Mike Bartlett’s Love, Love, Love is a not-very-subtle indictment of the ‘baby boomer’ generation, offering a witty take on the disastrous self-absorption of 60s idealists through the lens of one family. Sandra and Kenneth meet as 19-year-old Oxford students in 1967 in the grotty flat of Kenneth’s dull older brother. We drop in on them again in 1990 in their middle-class home in Reading – complete with two teenage children, high-powered careers and a disintegrating marriage – and then again in comfortable retirement in 2011, at which point the consequences of their selfishness, on both personal and political levels, become abundantly clear. Pitch Productions, and director Lucy Knight, working with a fantastic script, have done a great job overall. Though the performance was definitely uneven at times, Love, Love, Love is nevertheless a thoroughly enjoyable evening’s entertainment.

Unfortunately, the first act was significantly weaker than the rest of the play. It felt as though less time had gone into blocking and rehearsing; the actors seemed shaky and unsure, leaving the whole act rather flat. This said, Bróccán Tyzack-Carlin carried off the part of the slightly arrogant but likeable university student well. His characterisation was consistently good throughout all three acts; assured, polished and showing considerable range. Florence Petrie was less convincing as the dreamy, pretentious and happily stoned Sandra. Thankfully, the play improved immensely in the second act, and Petrie settled comfortably into the role of the middle-aged working mother. Her sharp tongue and erratic behaviour were an utter joy, and she delivered some of the funniest lines with savage precision.

The greatest strength of the production was the family dynamic between Sandra, Kenneth and their children, Rosie (Emma Broadhurst) and Jamie (Rosie Minnitt). Broadhurst’s teenage whining was perfectly pitched and perfectly irritating, while Minnitt’s facial expressions were undoubtedly the comic highlight of the play. Broadhurst’s distress was totally believable, and contrasted wonderfully with Minnitt’s nonchalance. In the final act, however, it is Jamie who really captures the sympathy of the audience: dancing together to the Beatles, oblivious to the world around them, Sandra and Kenneth are ultimately just smug, careless and self-centred, while Rosie’s tendency to pontificate makes her impossible to like (though she makes some excellent points, and offers a rather grim glimpse of the future that feels all too real for soon-to-be graduates). The directionless, troubled Jamie, numbing herself to the domestic chaos around her, seems like the real casualty of this destructive relationship.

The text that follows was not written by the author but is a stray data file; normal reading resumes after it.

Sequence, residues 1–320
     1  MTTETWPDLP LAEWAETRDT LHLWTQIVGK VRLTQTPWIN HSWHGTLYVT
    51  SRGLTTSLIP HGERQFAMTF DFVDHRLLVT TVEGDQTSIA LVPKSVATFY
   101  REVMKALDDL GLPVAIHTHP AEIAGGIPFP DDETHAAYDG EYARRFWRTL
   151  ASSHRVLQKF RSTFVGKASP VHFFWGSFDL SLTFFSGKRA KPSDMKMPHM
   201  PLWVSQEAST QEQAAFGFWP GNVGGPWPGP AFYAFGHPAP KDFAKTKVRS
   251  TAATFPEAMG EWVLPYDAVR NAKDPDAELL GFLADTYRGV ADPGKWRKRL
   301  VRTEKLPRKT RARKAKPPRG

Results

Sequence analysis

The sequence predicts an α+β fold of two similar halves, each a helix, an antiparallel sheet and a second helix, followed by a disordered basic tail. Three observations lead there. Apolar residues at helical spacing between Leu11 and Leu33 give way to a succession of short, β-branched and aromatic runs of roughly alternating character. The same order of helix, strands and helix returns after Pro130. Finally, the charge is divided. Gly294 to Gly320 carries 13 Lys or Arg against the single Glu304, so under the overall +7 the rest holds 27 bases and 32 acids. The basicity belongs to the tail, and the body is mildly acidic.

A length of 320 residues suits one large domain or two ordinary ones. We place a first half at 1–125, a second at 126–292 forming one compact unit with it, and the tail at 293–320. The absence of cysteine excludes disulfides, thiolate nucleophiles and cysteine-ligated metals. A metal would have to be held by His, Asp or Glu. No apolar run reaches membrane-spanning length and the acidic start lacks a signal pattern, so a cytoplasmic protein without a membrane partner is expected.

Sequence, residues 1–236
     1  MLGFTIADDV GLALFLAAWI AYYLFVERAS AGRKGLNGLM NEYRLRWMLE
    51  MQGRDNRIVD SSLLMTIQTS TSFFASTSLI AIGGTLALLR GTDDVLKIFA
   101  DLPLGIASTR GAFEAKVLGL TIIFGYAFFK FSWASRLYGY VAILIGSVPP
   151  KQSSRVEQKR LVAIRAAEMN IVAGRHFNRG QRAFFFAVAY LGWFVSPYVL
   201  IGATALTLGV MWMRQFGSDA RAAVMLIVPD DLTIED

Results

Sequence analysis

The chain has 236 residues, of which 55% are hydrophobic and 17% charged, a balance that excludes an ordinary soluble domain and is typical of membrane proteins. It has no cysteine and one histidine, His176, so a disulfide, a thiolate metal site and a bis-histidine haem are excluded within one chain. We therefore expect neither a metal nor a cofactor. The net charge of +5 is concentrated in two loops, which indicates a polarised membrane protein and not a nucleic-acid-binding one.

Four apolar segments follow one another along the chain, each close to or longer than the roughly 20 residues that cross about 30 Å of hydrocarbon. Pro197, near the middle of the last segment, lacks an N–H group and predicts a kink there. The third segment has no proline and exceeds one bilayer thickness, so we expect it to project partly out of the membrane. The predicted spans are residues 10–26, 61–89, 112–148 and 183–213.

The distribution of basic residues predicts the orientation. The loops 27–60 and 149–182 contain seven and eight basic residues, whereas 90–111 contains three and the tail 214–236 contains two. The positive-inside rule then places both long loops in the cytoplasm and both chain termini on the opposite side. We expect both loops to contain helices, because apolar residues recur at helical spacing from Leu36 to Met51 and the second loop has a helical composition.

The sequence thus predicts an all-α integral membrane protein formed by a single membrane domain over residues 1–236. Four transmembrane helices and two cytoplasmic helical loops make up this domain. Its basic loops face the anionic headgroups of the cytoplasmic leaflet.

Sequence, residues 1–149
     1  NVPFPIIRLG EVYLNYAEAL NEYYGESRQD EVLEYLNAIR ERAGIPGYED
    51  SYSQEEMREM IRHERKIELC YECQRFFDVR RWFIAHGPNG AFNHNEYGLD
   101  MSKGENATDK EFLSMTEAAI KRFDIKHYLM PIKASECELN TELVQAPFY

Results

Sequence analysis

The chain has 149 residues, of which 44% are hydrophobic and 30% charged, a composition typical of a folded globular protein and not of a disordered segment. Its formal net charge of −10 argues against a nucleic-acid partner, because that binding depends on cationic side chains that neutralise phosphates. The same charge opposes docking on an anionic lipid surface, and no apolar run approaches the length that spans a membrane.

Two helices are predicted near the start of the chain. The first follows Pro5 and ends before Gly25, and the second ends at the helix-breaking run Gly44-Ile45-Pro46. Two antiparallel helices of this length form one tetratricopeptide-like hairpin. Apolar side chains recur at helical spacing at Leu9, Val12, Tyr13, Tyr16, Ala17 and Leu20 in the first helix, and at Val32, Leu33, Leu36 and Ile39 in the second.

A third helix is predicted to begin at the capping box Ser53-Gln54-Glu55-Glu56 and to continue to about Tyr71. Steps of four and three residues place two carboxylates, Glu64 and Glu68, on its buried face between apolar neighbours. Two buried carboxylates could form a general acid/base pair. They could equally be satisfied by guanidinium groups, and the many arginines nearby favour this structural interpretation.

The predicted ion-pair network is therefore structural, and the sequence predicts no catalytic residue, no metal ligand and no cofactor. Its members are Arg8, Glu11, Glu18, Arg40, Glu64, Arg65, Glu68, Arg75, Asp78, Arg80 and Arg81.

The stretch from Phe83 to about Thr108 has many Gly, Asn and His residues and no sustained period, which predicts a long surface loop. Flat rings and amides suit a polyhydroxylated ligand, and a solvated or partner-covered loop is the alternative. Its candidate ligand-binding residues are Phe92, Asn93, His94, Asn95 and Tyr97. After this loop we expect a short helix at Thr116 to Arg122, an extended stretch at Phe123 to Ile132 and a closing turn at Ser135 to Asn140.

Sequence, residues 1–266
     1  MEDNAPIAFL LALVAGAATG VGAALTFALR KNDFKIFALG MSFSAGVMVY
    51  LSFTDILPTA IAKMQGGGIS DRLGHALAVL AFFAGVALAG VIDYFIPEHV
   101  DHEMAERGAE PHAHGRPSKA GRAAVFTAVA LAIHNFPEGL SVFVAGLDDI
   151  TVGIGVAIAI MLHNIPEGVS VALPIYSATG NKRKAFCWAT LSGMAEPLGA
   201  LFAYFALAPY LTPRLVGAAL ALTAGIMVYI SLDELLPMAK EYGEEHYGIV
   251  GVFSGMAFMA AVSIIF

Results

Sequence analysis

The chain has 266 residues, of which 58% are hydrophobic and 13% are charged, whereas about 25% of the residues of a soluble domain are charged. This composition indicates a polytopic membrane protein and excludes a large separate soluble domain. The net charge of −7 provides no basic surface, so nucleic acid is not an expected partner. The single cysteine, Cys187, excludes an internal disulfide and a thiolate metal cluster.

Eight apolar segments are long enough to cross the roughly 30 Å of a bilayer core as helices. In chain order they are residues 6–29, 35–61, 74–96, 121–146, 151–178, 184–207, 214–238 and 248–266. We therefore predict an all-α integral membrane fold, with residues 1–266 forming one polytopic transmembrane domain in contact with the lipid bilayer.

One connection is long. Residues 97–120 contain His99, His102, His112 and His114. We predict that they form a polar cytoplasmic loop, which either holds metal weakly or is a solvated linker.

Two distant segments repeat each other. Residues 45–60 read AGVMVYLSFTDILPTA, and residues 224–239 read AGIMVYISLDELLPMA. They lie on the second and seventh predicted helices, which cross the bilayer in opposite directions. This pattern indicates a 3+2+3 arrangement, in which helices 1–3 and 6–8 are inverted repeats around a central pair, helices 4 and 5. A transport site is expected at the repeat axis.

The production never became too serious, however. The awkward humour of suburban British life was spot-on. Several lines were actually lost due to the audience laughing so loudly – something the actors should take into account going forward! The sets, designed by Jasmine Lo, were perfect, and tech was minimal and professionally executed. With a little bit more attention to detail, and some ironing-out of first night issues, Love, Love, Love will be a very good production indeed.


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Naoise Murphy enjoys a hilarious yet scathing state-of-the-nation family play.